1: Introduction and rationale for exploring purpose
"I can't believe we're still talking about this."
That was the exclamation from one educator in February 2022, at an early interview session to explore the four capacities of the Scottish Curriculum for Excellence. She had a point.
And it’s a point we’ve heard at least implicitly at every step of this journey, as our team listened to the voices of around 150 educators, youth learning specialists and over 600 young people over the first five months of 2022. We also included the voices of another 130 or so educators whose ‘curriculum stories’, told during the height of the pandemic, showed how curriculum purpose and the four capacities perform under pressure. We adopted a trademark empathetic approach, reflecting an appreciation for the work educators do and the incredible achievements of our young people, the vibrancy and dynamic of Scottish education.
We asked them what it means to develop “successful learners, confident individuals, responsible citizens and effective contributors” in the Scottish education system. What do the “four capacities” mean in practice? How do they add value through curriculum, qualifications or extracurricular activities? Is it still helpful to identify, define, and plan the inclusion of these four capacities when we design learning experiences?
And how do we retain the relevance of the attributes and capabilities we want to build with young people when the world is changing so swiftly? What can different educational stakeholders, children and young people do to support a progression of development in those skills and development as humans?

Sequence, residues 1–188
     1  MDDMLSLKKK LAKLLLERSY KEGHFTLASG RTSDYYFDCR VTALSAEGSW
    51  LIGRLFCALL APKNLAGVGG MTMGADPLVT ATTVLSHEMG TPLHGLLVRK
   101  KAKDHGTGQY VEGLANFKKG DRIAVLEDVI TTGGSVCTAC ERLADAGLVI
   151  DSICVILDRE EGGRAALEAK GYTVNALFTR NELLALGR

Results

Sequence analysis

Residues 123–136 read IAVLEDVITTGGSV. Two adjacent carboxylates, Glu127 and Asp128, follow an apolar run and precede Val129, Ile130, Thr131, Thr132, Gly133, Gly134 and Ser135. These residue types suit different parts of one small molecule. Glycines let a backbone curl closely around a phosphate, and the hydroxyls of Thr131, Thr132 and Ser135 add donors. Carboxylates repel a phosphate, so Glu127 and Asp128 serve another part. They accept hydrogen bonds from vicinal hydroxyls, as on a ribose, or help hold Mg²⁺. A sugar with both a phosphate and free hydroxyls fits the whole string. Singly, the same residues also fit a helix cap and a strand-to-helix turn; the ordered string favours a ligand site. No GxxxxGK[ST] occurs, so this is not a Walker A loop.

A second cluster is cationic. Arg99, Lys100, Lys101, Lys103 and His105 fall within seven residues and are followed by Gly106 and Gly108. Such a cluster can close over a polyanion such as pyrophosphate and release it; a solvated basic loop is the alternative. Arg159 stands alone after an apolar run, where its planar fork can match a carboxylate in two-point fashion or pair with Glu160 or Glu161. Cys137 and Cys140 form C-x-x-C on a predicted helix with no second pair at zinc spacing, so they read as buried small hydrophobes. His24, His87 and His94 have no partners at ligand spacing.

These questions need to be discussed. The purpose of this thought paper and the qualitative research behind it is to flesh out the key ideas behind those questions and inspire more.
The team at our firm, NoTosh, helps school leaders accelerate positive change by thinking and doing things differently. In our method, employed with this project, we:
- guide leaders from passive thinking to dynamic activity;
- equip leaders with the tools to work through challenges with their school communities;
- create environments where it’s safe to be experimental; and
- develop a shared language for teams within schools.
And we keep asking questions. There are plenty of them in this paper for educators, youth work specialists and young people to keep asking, and for policymakers to consider. So take them further, and with your answers, perhaps you can already make the changes you want to see in your own classroom, school, youth club or programme.
Managing Director, NoTosh, Edinburgh
Consultant, NoTosh, Brussels